The Making of an Agricultural Landscape in the American West
Publication Year: 1999
Published by: University of Washington Press
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Foreword: Paradise Lost or Gained?
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Ordinarily, a book on the history of irrigation in Idaho might seem like pretty dull stuff to readers encountering it for the first time, an all-tootypical academic monograph on a narrow subject likely to be of interest only to scholars with decidedly eccentric tastes for obscure topics in remote places. ...
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Numerous institutions and people assisted me in my effort to research and write this history. The Idaho Historical Society, the Idaho Department of Water Resources, the Idaho Falls and Twin Falls public libraries, the Aberdeen-Springfield Canal Company, the Enterprise Irrigation District, and the Twin Falls Canal Company ...
Introduction: Discovering the Irrigated Landscape
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My understanding of Idaho’s irrigated landscape began to take shape on a summer day in 1990. I was traveling over country roads, heading west from the town of Twin Falls through the heart of a 200,000- acre tract of farms, itself located within the vast arid basin sometimes called the Snake River valley ...
1. Genesis: Water, Earth, and Irrigation Systems
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Idaho’s irrigated landscape developed during the nineteenth and early twentieth centuries from the interaction of agriculture with the Snake River valley environment. At the heart of this agriculture was a vision, shared by many people, of the human relationship to nature. Engineers, farmers, journalists, and social reformers ...
2. Habitat: The Irrigated Landscape and Its Biota
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With dams and canals, irrigators had begun the transformation of the Snake River valley into an irrigated landscape. They moved the process another step forward when they stripped the earth of its preexisting flora and fauna and supplanted them with crops and livestock. Sagebrush, greasewood, rabbitbrush, bunchgrass ...
3. Dividing Water: Conflict, Cooperation, and Allocation on the Upper Snake River
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Fundamental to the irrigated landscape’s unfolding history were the laws and conventions that irrigators adopted to govern the allocation of water. Irrigators sought to divide the flow of rivers and canals among themselves; accomplishing this division in a just, cooperative, and, within limits, equitable fashion required ...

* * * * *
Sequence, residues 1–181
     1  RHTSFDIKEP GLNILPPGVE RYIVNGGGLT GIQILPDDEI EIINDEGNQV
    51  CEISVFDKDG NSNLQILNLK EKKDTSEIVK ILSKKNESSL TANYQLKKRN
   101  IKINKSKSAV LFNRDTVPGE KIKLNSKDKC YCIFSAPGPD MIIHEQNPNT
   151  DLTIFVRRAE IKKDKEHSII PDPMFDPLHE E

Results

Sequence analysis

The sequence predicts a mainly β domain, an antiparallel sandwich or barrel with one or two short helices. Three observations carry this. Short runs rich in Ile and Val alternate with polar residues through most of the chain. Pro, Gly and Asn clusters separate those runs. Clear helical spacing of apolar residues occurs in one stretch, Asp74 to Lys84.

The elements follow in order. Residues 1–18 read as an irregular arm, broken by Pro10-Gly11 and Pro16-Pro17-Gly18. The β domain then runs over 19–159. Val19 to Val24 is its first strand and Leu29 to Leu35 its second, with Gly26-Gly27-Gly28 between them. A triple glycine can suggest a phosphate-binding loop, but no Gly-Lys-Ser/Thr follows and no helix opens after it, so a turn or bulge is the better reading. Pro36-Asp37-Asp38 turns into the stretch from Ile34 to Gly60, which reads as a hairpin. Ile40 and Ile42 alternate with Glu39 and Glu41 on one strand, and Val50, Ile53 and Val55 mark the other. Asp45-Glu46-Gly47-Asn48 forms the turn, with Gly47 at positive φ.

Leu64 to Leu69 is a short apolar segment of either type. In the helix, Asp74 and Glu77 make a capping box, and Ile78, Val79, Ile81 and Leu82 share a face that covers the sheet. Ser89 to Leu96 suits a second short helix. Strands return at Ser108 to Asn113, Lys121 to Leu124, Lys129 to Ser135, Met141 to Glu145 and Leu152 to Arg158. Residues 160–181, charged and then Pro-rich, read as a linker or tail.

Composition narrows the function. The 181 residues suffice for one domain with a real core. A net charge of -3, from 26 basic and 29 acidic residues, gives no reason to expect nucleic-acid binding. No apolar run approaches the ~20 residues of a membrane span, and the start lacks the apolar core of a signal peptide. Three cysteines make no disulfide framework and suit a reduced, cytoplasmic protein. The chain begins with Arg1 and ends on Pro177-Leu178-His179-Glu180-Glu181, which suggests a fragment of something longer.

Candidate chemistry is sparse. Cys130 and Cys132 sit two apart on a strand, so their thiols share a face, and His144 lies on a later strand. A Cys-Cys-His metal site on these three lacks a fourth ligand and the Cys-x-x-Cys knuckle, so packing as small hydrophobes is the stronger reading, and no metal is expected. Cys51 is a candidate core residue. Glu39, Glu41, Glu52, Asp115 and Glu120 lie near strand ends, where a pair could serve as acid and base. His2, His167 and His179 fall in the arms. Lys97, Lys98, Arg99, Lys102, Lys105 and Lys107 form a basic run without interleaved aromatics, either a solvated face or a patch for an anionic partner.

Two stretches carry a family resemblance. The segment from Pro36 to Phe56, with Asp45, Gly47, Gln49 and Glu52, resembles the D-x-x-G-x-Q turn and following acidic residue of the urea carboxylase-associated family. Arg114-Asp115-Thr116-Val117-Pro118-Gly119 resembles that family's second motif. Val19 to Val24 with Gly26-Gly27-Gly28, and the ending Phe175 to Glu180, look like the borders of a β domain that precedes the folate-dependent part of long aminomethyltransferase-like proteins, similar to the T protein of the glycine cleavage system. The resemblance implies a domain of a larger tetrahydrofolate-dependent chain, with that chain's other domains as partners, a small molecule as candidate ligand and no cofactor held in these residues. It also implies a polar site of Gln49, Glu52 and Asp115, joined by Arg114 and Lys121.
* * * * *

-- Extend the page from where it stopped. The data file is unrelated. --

4. Labor and Landscape: Irrigated Agriculture and Work
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In May 1877, journalist W. A. Goulder traveled through the Boise Valley to survey its agricultural development. His dispatches mostly depicted small family farms in a landscape of irrigation ditches, hay and wheat fields, verdant pastures, and groves of willows and Lombardy poplars. According to Goulder, cultivated acreages ...
5. From Field to Market: Agricultural Production in the Irrigated Landscape
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When inhabitants of Idaho’s Snake River valley worked, they both defined themselves socially and shaped the irrigated landscape. But their labor resulted in something more: it involved these people in a productive process that merged nature with yet another human system, the market. Farmers and agricultural workers ...
6. Industrial Eden: Myth, Metaphor, and the Irrigated Landscape
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Idaho’s irrigated landscape was a world made from many things: water, earth, and concrete, plants and animals, laws, policies, and social institutions, sweat, and economic relationships. But it was also a world that was inseparable from the activity of the mind, a world made from the imagination. It was here, ...
Conclusion: A World in the Making
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When I began my exploration of the irrigated landscape and its history—when I first stood and looked at Lateral L—I did not realize that I would eventually travel so far into mythic terrain. I had anticipated that my journey would keep me squarely in the realm of the physical landscape and the laws, policies, ...
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Publication Year: 1999
Series Title: Weyerhaeuser Environmental Books
Series Editor Byline: Edited by William Cronon